As the global clamour for economic reform grows louder, the annual salaries of the world’s leaders makes for interesting reading. At the top of the pack in 2011, and way out in front of his powerful peers, was Singapore prime minister Lee Hsien Loong with an annual salary of over US$2.2 million. In distant second was Hong Kong chief executive Donald Tsang who earned just over half a million dollars a year. And, at the opposite end of the spectrum was the venerated Manmohan Singh, the Indian prime minister, who took home an annual salary of just US$4,106.
And what about the most powerful man in the world? President Obama receives a healthy US$400,000 a year, more than a third higher than his Japanese counterpart (US$273,676) and nearly four times the salary of the South Korean President Lee Myung-bak who earns US$136,669 a year.
Surprisingly one of the few world leaders who can give President Obama a run for his money is Kenyan Prime Minister Raila Odinga who in 2010 rejected a pay raise that would have awarded him an annual salary of US$427,886 a year. According to The Economist, which explored the ratio of leader earnings to average GDP per person, Odinga would have made a jarring 240 times Kenya’s GDP per person, a discrepancy more than five times larger than Lee Hsien Loong, his closest rival.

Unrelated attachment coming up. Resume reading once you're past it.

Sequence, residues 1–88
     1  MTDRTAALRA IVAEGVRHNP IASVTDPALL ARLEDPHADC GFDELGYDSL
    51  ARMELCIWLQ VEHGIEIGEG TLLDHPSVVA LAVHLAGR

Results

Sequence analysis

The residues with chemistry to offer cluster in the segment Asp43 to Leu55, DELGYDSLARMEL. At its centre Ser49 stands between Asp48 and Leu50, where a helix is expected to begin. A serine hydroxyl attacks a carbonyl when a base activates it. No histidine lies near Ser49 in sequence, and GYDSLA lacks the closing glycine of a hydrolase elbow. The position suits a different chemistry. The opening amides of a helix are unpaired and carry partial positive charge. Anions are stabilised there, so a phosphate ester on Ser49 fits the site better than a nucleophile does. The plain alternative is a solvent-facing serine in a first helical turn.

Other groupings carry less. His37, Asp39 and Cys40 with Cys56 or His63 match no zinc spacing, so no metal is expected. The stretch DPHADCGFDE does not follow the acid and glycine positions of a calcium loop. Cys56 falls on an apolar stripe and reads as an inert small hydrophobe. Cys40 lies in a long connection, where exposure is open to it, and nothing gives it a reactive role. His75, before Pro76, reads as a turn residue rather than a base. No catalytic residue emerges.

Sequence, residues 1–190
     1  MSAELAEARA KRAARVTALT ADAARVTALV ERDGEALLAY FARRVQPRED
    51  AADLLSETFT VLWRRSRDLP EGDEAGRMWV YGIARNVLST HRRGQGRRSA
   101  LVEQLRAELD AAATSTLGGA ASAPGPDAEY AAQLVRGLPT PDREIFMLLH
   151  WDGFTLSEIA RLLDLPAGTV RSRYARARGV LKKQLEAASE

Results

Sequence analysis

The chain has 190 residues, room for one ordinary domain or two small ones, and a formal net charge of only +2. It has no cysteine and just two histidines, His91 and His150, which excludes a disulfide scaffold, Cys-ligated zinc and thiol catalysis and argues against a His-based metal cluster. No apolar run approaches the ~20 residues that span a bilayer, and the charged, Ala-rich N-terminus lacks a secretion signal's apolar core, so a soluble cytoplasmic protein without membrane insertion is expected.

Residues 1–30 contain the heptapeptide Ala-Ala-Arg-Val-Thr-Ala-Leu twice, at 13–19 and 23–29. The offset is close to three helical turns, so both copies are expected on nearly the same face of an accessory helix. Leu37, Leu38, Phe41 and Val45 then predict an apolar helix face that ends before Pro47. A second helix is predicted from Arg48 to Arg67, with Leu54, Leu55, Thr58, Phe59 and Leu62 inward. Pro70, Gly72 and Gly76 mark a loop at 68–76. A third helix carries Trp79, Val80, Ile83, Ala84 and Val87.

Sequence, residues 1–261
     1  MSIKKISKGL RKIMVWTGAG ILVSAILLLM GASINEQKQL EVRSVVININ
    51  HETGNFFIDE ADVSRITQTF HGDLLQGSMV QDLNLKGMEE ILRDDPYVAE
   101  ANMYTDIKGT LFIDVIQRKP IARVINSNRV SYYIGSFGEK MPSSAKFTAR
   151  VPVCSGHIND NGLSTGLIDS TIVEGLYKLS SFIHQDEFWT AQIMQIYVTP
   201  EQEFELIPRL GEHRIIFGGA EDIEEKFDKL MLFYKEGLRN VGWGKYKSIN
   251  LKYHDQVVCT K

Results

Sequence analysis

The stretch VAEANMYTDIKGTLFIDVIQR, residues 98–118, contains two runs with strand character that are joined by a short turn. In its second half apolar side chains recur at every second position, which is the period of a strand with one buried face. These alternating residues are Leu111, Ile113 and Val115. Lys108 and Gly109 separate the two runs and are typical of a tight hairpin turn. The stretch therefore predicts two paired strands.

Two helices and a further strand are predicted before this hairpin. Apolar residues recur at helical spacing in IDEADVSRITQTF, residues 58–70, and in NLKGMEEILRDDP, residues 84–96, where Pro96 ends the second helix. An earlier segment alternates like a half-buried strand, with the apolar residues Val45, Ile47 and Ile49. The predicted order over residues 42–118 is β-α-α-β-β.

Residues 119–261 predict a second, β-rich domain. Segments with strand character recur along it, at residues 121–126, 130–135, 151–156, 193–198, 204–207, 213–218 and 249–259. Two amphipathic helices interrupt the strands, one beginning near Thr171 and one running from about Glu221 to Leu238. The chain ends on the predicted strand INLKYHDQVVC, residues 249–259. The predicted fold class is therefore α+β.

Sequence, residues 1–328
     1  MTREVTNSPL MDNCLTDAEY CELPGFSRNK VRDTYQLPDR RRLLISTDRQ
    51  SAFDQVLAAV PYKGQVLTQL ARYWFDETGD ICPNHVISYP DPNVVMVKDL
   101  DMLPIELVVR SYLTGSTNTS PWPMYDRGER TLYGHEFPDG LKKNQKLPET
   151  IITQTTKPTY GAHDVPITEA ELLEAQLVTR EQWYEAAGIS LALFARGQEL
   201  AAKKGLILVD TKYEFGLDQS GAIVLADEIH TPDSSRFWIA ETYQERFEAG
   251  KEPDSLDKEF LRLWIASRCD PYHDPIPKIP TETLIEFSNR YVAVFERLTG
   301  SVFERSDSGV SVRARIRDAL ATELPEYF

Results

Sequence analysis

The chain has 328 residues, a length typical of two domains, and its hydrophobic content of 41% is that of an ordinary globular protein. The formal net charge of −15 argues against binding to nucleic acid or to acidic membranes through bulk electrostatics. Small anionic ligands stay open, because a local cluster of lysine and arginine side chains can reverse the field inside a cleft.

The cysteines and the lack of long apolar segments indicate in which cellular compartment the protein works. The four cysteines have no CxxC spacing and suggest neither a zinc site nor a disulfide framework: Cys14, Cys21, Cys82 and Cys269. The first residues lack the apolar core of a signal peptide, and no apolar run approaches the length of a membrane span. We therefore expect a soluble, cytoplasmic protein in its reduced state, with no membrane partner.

Of course, merely examining a leader’s salary does not paint the whole picture. Chinese President Hu Jintao took home only US$10,633 a year, while Zimbabwe’s famously corrupt Robert Mugabe earned a mere US$1,500 and Vladimir Putin, whose total income in 2006 was just US$80,000 actually claimed to have lost money while in office. As we saw during the fall of Egyptian President Hosni Mubarak, whose US$900 a month salary belied a family fortune of between US$40 and US$70 billion, a leader’s official salary is only a very small part of the potential benefits of office. – Charley Lanyon